HP Operations Manager: office suite for monitoring

We have talked about reviews of legendary software in the area of monitoring, such as the colossus IBM® Tivoli® Netcool®. With equal pleasure, and at the request of the editorial team of this blog, today we bring up the second legendary software. That time we directly compared Pandora FMS with that giant, but this time we only refer to common features, because the HP Operations Manager is not currently on sale…

HP Operations Manager

HP Operations Manager®, which is its original name? Although Tivoli® was founded in 1989, it was not until 1991 that its software was released and then acquired by IBM® in 1996. In the meantime, exactly in 1993, what would later become the HP Operations Manager was launched.
In that first release it was called HP OpenView Operations®, a name under which we will find a lot of old information, but still echoes in today’s web search engines. Yes, we said it’s legendary software, don’t be surprised. Maybe some of the readers will be more familiar with that name. In 1999 it became known as HP OpenView Operations ITO®, when they added support for SNMP monitoring.

It was later named, HP VantagePoint Operations®, until 2001, known as HP Operations Manager.

IBM® Tivoli® Netcool® is distinguished by its robustness and verticality, but this is not the case of HP Operations Manager; there are many integrations and acquisitions that have arranged the product overview, and have extended it horizontally. However, they have emulated the Tivoli® style throughout the whole set of applications, so the migration from Tivoli® is facilitated for the personnel and is the first option to replace it. Thus, each time they have incorporated or acquired features and tasks from third parties, their substantives have evolved. For the Windows operating system there was the HP Operations Manager Windows® (HP OMW), for Unix HP Operations Manager Unix® (HP OMU) and for the late year 2009 the HP Operations Manager Linux® (HP OML). And get ready, because we have many other names to add. Let’s see this in the opposite way or in a paradoxical way: for the HP Operations Manager the flexibility is to change its name in each evolution; for Pandora FMS the flexibility is to always adapt to the changing environment (even in SLA reports). However, every day we add more functions and features, and we’re totally inflexible when it comes to changing our name!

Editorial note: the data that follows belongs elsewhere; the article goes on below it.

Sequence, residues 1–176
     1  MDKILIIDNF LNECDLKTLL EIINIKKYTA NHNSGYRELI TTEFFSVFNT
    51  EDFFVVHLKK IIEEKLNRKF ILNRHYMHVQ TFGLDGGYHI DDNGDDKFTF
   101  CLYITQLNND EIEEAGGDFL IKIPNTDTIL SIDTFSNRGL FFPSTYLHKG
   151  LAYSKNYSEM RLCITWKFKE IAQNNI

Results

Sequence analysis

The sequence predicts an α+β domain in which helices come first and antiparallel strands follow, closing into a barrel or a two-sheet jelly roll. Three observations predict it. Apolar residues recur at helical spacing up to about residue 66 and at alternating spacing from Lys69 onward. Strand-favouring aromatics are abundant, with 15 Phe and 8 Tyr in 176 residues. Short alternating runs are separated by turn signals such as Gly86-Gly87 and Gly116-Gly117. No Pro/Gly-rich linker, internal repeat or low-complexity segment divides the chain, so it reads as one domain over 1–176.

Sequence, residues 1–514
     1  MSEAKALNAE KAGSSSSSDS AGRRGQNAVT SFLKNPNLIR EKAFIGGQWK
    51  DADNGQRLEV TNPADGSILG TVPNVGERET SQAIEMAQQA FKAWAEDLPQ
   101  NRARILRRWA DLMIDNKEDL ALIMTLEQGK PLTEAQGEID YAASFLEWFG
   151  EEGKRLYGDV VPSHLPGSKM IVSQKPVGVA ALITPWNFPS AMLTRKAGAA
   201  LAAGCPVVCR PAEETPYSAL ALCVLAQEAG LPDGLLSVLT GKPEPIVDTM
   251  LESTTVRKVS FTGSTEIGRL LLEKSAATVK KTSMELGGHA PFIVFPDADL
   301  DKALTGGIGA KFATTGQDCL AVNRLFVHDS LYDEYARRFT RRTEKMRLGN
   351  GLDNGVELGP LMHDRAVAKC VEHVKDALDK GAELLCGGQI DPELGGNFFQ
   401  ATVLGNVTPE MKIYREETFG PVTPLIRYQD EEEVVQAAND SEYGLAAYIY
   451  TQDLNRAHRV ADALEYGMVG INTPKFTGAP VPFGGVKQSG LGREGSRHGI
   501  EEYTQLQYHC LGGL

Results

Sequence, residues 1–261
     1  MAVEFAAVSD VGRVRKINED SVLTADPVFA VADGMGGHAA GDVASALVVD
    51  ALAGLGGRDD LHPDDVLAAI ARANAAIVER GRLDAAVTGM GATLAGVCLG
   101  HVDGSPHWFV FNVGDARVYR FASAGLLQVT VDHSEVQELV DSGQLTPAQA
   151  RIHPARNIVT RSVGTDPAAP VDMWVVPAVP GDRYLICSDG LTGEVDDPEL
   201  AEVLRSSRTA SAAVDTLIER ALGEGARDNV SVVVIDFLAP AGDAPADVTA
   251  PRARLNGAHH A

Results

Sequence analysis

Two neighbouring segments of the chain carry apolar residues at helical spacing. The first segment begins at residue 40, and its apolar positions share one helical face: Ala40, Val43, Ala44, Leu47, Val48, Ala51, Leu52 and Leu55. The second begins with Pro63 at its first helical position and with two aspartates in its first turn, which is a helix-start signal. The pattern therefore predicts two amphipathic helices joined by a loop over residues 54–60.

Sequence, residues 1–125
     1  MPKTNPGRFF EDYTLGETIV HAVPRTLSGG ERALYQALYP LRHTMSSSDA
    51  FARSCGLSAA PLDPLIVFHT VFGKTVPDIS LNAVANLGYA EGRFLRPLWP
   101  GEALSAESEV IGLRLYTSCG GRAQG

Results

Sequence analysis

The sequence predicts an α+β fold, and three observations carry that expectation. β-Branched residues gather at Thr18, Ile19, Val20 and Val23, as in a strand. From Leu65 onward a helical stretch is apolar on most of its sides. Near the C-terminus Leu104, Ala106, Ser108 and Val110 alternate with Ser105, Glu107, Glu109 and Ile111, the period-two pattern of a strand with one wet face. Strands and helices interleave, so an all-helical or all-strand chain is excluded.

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HP Operations Manager has countless options that repay its high cost (and there are some others that will even save us money). Let’s start with the basics:

    • It is based on a monitoring system based on agents installed in the monitored devices.
    • The monitoring policies are defined on the central server and sent to the agents.
    • In this way, the central server will take care of receiving the events collected by the agents. On the other hand, the installed agents have powerful monitoring functions that reward many other aspects.
    • As we said, it also supports agentless monitoring (remote monitoring), via SNMP.
    • In addition it can function as a receiver and to consolidate other components such as:
      • HP SiteScope®, acquired in 2006, which allows remote monitoring via telnet or SSH and web console (although it has an additional cost can save money if replaced with Nagios, but has its implementation work), and which strengthened HP Operations Manager very well at the time.
      • HP Systems Insight Manager® and HPE Systems Insight Manager® – yes, we warned you that many names and denominations were missing – which is a special tool for HP Enterprise Servers® (remember that Hewlett-Packard® also produces hardware and has an advantage over other monitoring software).
      • HP Network Node Manager®, HP Network Node Manager i® and HP Smart Plug-Ins®, for monitoring-oriented root-cause analysis and network discovery technology.